Saturday, May 10, 2014

Wisdom Of The Week

I want to show you something simple your mind can do, which illustrates a fascinating emerging theory about how the brain works. First, look at this logo of the World Cup this year.

The idea of the emblem is obvious: This is an illustration of a trophy with an abstract soccer ball on top. The colors—green, yellow, and blue—mirror the host country's flag.

Now consider this tweet from copywriter Holly Brockwell, which got 2,400 thousand retweets: "CANNOT UNSEE: the Brazil 2014 logo has been criticised for 'looking like a facepalm.'"

You know, a face palm:

People report this kind of thing all the time, and they use this same phrase: cannot unsee. Someone points out something and suddenly a secondary interpretation of an image appears. There's something a little scary about this process, even when the images are harmless. We have a flash of insight and a new pattern is revealed hiding within the world we thought we knew. It surprises us.

When neuroscientists look at the connections between the cells, they don't just see information passing up the complexity chain. There is information running down from the neocortex's higher levels to the lower ones.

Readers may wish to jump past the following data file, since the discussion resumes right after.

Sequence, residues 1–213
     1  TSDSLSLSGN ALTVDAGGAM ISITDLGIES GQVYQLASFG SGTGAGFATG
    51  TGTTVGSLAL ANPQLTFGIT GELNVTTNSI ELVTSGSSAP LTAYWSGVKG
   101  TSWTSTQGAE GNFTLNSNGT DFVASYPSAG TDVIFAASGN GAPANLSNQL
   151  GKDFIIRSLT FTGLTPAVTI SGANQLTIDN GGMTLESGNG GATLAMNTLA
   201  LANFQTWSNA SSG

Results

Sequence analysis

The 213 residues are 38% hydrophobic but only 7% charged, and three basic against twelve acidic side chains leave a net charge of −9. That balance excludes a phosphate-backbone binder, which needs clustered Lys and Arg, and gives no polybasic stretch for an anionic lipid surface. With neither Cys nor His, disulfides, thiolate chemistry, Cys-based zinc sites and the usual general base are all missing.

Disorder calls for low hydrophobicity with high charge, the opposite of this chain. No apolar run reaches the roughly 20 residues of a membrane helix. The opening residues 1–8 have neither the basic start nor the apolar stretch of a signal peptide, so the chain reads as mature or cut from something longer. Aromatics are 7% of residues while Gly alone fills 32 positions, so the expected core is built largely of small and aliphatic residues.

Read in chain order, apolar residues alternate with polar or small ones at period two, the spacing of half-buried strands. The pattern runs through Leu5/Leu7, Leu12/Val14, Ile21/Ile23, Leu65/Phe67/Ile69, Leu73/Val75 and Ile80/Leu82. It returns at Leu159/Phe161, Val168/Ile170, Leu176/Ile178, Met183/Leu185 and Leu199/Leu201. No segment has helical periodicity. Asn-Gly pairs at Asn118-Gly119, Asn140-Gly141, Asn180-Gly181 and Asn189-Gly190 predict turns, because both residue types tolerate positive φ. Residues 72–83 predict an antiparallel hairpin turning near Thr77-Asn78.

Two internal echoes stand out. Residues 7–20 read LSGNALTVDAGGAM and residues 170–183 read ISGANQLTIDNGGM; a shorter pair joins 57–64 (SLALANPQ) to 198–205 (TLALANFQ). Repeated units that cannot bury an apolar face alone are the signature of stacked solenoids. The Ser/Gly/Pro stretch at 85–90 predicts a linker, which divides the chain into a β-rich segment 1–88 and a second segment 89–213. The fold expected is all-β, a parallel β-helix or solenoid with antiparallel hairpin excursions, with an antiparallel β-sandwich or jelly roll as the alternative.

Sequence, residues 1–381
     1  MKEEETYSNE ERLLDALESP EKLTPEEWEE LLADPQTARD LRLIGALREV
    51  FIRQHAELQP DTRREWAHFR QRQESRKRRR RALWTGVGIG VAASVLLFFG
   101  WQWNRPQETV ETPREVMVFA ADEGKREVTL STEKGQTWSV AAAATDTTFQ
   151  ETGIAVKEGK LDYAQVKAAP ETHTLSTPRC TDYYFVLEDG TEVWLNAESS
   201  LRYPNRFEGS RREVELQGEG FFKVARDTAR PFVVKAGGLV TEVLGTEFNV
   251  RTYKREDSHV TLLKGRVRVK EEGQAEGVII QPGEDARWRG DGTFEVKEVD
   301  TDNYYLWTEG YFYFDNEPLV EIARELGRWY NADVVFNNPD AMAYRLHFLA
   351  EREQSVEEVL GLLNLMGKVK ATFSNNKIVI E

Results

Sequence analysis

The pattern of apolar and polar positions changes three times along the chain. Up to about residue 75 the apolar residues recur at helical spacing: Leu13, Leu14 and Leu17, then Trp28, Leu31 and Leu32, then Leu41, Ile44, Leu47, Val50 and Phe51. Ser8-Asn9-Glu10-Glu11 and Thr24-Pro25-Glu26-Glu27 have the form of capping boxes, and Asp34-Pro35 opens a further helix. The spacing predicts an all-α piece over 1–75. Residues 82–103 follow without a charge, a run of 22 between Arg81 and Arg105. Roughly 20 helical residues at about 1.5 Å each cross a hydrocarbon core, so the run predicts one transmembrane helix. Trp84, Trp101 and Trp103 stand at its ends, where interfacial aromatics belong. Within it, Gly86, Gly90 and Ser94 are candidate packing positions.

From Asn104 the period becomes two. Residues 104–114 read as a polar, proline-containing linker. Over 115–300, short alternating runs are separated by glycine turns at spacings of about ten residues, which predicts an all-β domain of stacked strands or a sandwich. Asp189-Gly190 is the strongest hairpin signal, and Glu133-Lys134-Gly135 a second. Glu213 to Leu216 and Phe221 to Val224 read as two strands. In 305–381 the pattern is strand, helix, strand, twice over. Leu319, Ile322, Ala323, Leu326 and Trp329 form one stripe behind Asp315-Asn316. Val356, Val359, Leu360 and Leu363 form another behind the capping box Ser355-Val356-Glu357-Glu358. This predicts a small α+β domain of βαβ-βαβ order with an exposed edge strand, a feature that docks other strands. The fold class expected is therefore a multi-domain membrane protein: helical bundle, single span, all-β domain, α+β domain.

"For every axon coming from the retina into our thalamus before entering our 'consciousness' in the primary visual cortex, the primary visual cortex sends at least twice as many axons back onto the thalamus to modulate the raw signal," explained UC San Diego neuroscientist Bradley Voytek.3

Why is that significant? "Our cortex is already changing the raw visual information before that information gets into our consciousness," Voytek concluded. 

You're not only seeing what is actually before you; you're seeing what your brain is telling you is there. 

Specifically, the cortex is sending a cascade of predictions about what should be seen at all the different layers of complexity. So what travels back up from the eyes is not raw visuals of the environment, but how the world deviates from what the brain is expecting.

- More Here

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